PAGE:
We Are Sunshine

What Not To Say To Your Boss

Monday, April 2nd, 2012

We’ve talked quite a bit about improving management skills, so this time we’re going to discuss employee self-management. Employees want to work in an ideal environment with great people and have no problems arise – which, honestly, can only happen in a perfect world. We can’t always get along with others or get what we want 100 percent of the time, so it’s only natural that we want to voice our opinions and concerns. However, approaching situations the wrong way and saying the wrong things can be damaging to your career.

Megan Malugani, contributing writer, and Charles Purdy, senior editor, have compiled a list of nine things bosses hate to hear from their employees and give you examples of what you should say instead:

1. “I need a raise.”

Never enter salary negotiations talking about what you need – for instance, because of rising costs or a new expense. Your employer doesn’t care about your financial problems. However, management probably does want to reward success and keep high-performing employees satisfied. A raise request should always be supported by evidence of what you’ve achieved for the company – along with information about what people with your responsibilities typically earn.

2. “That just isn’t possible.”

Always speak to your boss in terms of what can be done. For instance, rather than saying “We can’t get this done by Friday,” say “We could definitely get this done by Monday, or if we brought in some freelance help, we could meet the Friday deadline.” When you talk to your boss, think in terms of solving problems for her, not in terms of putting problems on her plate.

3. “I can’t stand working with (enter name here).”

Complaining about a coworker’s personality usually reflects more poorly on you than on the coworker. Don’t make these kinds of conflicts your boss’s problem. If you’re complaining about someone taking charge, for example, your boss will see that person as having initiative and you as lackluster. You might feel as though that person oversteps or dismisses your ideas, but these are things that need to be worked out between yourself and your coworker.

Of course, management is interested in problems that jeopardize the company’s ability to function. If you have to speak to HR about a problem, such as a colleague’s threatening, illegal or unethical behavior, keep your tone professional and the focus on work.

4. “I partied too hard last night – I’m so hung over!”

If you think this will ever be a legitimate excuse for your boss, think again! We all need to blow off a little steam every now and then, but your boss does not need – or want – to know the details. And it’s no excuse for not being able to do your job. Even if you have a friendly relationship, he’s just as likely to react with (unspoken) disdain as sympathy. Maintaining a solid veneer of professionalism will pay off when it’s time to discuss promotions.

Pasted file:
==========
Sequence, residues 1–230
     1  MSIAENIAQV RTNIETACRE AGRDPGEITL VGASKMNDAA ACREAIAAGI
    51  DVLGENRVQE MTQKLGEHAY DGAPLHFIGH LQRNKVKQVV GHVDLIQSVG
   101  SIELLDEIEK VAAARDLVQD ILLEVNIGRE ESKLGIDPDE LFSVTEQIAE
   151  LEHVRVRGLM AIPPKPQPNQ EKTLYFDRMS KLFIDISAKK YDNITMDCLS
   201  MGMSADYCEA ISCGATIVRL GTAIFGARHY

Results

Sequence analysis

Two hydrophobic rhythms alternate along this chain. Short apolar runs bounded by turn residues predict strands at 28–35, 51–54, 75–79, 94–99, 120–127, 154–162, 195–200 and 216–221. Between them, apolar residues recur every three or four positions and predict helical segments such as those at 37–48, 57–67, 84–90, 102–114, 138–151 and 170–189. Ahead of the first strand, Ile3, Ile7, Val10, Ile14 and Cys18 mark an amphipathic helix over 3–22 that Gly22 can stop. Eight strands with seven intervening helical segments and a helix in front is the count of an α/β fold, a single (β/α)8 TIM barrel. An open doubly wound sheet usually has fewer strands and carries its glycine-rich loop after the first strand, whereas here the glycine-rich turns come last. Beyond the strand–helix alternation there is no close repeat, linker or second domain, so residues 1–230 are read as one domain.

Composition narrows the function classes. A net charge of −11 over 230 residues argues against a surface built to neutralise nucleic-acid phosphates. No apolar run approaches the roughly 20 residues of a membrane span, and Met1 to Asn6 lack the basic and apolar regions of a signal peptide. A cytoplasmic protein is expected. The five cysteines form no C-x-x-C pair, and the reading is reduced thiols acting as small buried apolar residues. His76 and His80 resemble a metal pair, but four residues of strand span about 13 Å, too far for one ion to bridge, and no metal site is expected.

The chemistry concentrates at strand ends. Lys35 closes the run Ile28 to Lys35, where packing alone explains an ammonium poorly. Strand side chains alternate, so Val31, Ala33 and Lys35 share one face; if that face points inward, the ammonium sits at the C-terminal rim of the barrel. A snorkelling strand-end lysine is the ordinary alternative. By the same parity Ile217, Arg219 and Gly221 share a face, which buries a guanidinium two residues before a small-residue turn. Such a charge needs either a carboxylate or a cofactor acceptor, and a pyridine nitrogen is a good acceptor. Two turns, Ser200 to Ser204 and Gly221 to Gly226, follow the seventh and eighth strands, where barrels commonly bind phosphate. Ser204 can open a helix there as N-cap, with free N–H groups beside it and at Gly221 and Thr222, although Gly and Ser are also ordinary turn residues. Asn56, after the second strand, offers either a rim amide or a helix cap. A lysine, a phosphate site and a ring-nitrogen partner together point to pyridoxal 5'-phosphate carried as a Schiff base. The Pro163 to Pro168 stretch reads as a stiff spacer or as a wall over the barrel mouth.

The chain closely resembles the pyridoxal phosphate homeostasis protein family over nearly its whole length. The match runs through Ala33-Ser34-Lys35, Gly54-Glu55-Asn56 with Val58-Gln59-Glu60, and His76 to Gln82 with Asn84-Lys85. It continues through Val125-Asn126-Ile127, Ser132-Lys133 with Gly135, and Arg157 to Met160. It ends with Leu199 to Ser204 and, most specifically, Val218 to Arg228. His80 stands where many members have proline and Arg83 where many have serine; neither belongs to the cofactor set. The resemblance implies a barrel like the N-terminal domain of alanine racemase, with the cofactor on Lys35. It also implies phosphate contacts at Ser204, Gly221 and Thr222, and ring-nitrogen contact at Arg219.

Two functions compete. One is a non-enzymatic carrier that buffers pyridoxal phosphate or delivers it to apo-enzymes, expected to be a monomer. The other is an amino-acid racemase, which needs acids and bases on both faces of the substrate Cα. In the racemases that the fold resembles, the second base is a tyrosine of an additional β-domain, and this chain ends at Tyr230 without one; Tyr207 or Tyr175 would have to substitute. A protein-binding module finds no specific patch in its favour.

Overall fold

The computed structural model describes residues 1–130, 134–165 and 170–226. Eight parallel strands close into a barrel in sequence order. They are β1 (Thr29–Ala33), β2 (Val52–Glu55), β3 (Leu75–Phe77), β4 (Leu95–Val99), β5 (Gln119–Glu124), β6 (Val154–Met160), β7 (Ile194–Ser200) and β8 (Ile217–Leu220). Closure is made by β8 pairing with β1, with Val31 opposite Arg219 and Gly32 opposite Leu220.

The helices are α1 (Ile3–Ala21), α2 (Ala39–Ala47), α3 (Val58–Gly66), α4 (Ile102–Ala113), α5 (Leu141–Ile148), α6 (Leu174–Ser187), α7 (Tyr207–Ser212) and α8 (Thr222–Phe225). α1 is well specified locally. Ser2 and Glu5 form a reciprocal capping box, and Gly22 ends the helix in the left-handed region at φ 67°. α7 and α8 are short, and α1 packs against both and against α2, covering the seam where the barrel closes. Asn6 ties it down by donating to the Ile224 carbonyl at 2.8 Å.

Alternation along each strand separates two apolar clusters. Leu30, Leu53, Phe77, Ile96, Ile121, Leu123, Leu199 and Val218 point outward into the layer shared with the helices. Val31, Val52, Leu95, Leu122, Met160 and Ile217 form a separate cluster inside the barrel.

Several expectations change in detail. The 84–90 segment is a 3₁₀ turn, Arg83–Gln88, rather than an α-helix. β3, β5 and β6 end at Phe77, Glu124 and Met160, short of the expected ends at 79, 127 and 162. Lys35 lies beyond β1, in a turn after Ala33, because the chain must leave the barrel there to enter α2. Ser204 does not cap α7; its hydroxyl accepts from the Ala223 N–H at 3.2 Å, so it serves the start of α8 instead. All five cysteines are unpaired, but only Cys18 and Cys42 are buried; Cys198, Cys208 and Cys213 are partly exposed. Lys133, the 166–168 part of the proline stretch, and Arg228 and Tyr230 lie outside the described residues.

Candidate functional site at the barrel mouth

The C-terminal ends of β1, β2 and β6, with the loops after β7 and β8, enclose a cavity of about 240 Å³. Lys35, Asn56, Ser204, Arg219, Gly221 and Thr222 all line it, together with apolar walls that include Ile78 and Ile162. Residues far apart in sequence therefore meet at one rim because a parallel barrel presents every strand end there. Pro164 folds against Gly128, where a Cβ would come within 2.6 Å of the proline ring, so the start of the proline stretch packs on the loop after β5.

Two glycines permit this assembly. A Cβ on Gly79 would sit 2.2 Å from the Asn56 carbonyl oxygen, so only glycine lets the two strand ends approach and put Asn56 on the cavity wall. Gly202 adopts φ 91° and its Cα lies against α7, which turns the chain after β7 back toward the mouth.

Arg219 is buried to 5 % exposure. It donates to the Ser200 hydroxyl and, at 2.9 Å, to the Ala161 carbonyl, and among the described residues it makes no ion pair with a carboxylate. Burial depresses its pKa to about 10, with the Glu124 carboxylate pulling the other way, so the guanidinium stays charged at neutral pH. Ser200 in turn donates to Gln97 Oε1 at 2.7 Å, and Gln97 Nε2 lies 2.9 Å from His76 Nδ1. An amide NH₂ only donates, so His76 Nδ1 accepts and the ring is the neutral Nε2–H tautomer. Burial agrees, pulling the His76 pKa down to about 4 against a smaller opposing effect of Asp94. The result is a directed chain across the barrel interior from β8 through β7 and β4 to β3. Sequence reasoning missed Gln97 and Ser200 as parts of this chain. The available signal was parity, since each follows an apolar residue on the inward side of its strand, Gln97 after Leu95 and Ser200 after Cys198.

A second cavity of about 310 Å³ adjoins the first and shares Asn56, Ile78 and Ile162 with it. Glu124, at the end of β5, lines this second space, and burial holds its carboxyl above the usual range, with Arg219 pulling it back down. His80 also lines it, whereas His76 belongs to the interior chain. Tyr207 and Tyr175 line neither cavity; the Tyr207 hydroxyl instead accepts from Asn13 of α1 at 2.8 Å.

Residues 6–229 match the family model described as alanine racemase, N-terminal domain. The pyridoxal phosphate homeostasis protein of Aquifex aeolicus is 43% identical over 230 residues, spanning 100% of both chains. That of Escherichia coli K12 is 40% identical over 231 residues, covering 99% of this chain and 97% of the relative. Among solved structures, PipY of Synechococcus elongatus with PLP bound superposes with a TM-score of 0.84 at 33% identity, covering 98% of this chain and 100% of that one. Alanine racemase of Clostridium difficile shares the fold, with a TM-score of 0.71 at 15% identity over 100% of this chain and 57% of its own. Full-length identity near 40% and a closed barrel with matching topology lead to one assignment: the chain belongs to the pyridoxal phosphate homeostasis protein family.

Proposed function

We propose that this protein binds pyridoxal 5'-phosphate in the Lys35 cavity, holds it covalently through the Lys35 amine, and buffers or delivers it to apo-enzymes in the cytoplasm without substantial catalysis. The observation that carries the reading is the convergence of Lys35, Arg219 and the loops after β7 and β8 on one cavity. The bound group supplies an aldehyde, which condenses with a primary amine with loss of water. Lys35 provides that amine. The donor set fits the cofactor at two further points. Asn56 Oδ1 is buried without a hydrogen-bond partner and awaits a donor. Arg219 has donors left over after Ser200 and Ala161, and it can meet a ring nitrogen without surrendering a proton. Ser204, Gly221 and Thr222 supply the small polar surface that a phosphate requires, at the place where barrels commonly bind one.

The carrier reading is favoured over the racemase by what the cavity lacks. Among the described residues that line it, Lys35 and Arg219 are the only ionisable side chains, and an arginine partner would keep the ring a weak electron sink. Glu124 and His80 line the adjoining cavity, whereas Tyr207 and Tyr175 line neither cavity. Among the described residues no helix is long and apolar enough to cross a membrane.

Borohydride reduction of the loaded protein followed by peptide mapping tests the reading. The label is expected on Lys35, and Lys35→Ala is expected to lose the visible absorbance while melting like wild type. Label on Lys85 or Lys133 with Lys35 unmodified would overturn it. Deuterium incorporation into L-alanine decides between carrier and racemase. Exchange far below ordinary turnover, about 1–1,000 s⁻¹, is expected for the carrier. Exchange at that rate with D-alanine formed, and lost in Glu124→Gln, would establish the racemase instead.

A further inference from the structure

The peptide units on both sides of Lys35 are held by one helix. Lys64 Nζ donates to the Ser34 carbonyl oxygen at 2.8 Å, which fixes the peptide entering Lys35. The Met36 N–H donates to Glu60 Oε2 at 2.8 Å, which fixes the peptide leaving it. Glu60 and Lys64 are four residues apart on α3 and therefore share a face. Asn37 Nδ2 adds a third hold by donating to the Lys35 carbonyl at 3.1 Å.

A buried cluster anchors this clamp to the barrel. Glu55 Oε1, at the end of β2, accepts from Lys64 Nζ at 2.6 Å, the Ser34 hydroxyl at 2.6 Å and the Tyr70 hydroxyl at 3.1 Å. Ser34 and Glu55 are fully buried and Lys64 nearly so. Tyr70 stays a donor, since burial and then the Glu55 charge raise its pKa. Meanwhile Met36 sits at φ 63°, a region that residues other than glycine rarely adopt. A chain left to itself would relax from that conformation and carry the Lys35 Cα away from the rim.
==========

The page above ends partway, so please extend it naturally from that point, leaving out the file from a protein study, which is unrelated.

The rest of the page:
5. “But I emailed you about that last week.”

Alerting your boss to a problem via email doesn’t absolve you of all responsibility for it. Bosses hate the “out of my outbox, out of my mind” attitude. Keep tabs on all critical issues you know about – and keep checking in until you hear a firm “You don’t need to worry about that anymore.”

6. “It’s not my fault.”

Assume responsibility and take steps to fix a problem that you did, in fact, create. And if you are being wrongly blamed for a problem, saying “Let’s get to the bottom of this” or “What can we do to make it right?” is much more effective than saying “It’s not my fault.” Remember, you’re a professional, not a child.

7. “I don’t know.”

If your boss asks you a question you can’t answer, the correct response is not “I don’t know.” It’s “I’ll find out right away.” Bosses want to know you have their backs, and having a willingness to find answers is a great way to show that. “I don’t know” gives off the impression that it’s not your job to know anything about that subject, but if your boss is asking you then it’s your job to know it.

8. “But we’ve always done it this way.”

Change is good, but not always fun. You may find yourself with a new boss who wants to try new things – and the best way to present yourself as a workplace relic is to meet change with a “we do it this way because this is the way we do it” attitude. When a brainstorming session takes place, be part of it and stay open to new ideas. If you have concerns about a new idea’s feasibility, say “I think for this to work, we will have to…” Don’t kill new ideas with negativity.

9. “Let me set you up with (a friend of mine. My sister. My roommate. Etc.)”

Avoid the urge to play matchmaker for your single boss. The potential risk far outweighs any potential benefit. In modern workplaces, hierarchical structures are often less rigid, and bosses will often end up in semisocial situations with their direct reports. Smart workers will draw the line at “oversharing” – definitely something to keep in mind if you’re connecting to your company’s managers on social networks like Facebook.

Also, we wary of bosses that want you to set them up with someone in your circle. It’s not only unprofessional, but it’s a sign of overstepping – which often happens if you and your boss are on friendly terms. Don’t be afraid to say no because, as stated earlier, the risk is greater than the reward.

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